When officers arrived, they proceeded as if there was a burglary, Kenner said. They dusted for fingerprints and took photos, and they asked Kenner to see if anything was missing.
As officers searched the home, Kenner opened the front door, looking for the packages he was expecting from the mortgage company.
That's when he saw a "6" -- Kenner's house number -- written on the outside of the door with some kind of marker. And then they saw a sticker affixed to the door.
"This property has been determined to be vacant/abandoned," the sticker said.
Police called the number on the sticker and learned it was all a mistake by Kenner's mortgage company, Kenner said.
That's some mistake.
"The police said they were told that the mortgage company more or less made a mistake," Kenner said. "The mortgage company had contracted with the company that broke into my home to see if the home was vacant."
But the home was not vacant, nor had the bank ever started any foreclosure proceedings, said Kenner's attorney, Philip Vinick.
Vinick said the New Jersey Supreme Court adopted amendments to court rules governing the foreclosure of vacant and abandoned residential properties in December 2012.
If a lender brings a foreclosure action and it believes a property is vacant or abandoned, the lender can ask for a quicker judgment from the court so it can take steps to maintain the property. For that to work, the lender must prove that at least two of 14 conditions must be present at the property, such as overgrown or neglected vegetation, disconnected utilities, the accumulation of mail or newspapers and the absence of window treatments.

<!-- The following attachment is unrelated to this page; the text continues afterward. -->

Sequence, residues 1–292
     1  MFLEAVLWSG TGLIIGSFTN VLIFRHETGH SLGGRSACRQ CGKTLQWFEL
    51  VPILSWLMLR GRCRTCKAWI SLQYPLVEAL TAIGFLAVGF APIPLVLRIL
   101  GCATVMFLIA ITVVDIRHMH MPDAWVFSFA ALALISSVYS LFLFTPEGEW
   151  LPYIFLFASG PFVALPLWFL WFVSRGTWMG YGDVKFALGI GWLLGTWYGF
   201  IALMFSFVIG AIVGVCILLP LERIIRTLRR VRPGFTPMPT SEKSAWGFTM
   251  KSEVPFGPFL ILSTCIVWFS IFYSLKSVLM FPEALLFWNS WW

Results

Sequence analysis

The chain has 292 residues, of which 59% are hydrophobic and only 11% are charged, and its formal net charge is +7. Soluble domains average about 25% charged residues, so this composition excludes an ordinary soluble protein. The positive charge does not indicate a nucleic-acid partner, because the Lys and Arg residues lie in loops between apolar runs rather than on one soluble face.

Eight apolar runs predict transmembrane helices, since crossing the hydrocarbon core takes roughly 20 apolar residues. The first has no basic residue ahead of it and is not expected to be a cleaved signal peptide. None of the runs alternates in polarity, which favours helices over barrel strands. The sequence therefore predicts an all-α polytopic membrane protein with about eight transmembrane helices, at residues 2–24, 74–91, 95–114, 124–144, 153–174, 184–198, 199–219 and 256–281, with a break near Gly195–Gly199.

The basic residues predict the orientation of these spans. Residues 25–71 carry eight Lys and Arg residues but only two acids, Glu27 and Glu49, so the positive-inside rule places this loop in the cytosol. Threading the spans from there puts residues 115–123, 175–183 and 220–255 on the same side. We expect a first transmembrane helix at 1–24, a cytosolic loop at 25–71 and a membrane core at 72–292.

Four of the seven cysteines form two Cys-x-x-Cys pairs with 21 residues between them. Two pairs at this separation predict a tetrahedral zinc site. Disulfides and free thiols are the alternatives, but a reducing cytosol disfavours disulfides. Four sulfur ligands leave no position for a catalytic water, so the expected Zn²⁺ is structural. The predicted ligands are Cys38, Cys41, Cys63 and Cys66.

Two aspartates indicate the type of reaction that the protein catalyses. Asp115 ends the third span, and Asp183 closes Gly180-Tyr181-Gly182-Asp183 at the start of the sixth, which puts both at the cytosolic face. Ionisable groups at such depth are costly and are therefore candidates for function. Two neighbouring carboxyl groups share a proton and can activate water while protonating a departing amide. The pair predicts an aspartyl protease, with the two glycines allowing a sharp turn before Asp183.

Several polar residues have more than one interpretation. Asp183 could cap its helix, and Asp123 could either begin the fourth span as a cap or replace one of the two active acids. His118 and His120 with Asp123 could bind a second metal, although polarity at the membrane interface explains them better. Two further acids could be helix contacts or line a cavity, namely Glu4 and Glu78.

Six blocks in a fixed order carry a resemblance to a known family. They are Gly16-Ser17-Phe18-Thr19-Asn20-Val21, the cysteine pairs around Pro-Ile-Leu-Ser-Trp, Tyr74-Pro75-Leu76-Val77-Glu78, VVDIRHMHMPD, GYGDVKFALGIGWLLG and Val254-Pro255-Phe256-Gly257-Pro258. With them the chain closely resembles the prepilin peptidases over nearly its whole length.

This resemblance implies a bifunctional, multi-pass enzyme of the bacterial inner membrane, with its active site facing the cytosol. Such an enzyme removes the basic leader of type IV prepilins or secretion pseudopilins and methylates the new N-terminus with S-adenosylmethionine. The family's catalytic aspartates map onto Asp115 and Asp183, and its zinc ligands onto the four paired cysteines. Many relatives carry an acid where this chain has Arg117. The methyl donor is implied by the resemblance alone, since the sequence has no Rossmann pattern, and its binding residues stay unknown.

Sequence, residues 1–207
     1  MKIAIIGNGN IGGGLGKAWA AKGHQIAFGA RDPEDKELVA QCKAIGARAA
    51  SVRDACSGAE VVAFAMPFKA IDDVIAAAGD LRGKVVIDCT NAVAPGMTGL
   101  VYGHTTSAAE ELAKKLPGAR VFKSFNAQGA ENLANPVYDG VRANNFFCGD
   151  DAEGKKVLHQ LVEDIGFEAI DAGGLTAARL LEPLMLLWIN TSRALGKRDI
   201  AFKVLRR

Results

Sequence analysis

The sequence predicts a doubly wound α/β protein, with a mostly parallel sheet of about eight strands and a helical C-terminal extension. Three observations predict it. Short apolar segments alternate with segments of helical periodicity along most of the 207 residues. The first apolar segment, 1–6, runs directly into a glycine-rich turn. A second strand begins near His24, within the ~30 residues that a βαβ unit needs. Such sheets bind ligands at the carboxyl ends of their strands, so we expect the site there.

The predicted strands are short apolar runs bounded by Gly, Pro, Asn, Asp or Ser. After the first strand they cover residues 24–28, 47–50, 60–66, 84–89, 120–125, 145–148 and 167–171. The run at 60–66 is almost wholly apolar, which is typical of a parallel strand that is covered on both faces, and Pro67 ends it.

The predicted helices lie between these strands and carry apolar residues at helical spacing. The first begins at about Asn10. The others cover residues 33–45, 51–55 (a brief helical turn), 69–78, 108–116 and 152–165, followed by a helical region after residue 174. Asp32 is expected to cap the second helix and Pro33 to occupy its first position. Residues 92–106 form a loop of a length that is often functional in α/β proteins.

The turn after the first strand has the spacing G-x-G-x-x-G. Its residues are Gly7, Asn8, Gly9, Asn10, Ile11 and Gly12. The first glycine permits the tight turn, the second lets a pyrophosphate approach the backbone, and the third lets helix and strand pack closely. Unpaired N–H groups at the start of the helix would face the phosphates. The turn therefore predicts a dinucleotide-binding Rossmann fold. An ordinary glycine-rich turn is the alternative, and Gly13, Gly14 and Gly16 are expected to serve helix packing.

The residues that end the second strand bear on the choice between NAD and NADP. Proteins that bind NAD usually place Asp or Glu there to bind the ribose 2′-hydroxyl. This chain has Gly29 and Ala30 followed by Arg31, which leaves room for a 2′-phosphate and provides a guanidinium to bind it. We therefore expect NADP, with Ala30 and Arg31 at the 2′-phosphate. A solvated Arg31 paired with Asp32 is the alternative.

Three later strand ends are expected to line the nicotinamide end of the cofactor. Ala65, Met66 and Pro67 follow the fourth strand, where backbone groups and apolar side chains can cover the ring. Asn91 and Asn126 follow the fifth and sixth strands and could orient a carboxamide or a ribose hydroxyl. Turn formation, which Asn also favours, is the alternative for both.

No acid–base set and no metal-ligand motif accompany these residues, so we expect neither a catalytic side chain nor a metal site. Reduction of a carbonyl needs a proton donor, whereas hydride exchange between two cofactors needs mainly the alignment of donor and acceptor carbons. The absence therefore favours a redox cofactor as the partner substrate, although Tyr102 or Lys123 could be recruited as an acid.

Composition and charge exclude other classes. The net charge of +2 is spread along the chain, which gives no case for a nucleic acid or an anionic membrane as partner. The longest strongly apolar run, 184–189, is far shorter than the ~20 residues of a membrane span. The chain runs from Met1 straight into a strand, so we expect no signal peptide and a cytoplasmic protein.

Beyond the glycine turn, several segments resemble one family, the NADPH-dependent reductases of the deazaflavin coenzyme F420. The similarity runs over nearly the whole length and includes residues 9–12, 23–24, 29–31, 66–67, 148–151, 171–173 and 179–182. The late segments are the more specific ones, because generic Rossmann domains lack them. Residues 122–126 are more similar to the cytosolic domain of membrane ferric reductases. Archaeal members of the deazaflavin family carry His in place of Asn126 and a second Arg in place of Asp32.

None of the 14 conditions applied to Kenner's home, the attorney said.
"In Mr. Kenner's case the lender did not even institute a foreclosure action much less prove that Mr. Kenner's house was vacant, which it obviously was not," Vinick said.
Even after Citizens was made aware of the error, the bank's subcontractors continued to contact Kenner, the homeowner said. One wanted to come into the home. Another wanted to shut off his water.
And two days after Kenner returned home, Kenner's son passed the home and saw workers on property, according to a statement provided to Kenner's attorney. The son said he asked the workers what they were doing, and they said they were hired by the mortgage company to remove some shrubs. The workers then called the mortgage company, which in turn told them to leave the property, the statement said.
And, Kenner realized, the cylinder that replaced the lock on the laundry room door could be removed by anybody at any time.
At first he moved a washing machine in front of the door. Now a table blocks the passageway.
"I've been very upset," Kenner said, noting that he doesn't feel comfortable in his own home. "I'm thinking very seriously of selling because of what happened to me."
After the suit was filed, Citizens offered to settle, but Kenner's attorney called the amount "insufficient" to "compensate him for his physical and psychological damages, including being embarrassed and having to explain to his neighbors what happened."
"The laws were bypassed or disregarded. It will eventually be left up to jury to determine how much Mr. Kenner's nightmare is worth," Vinick said.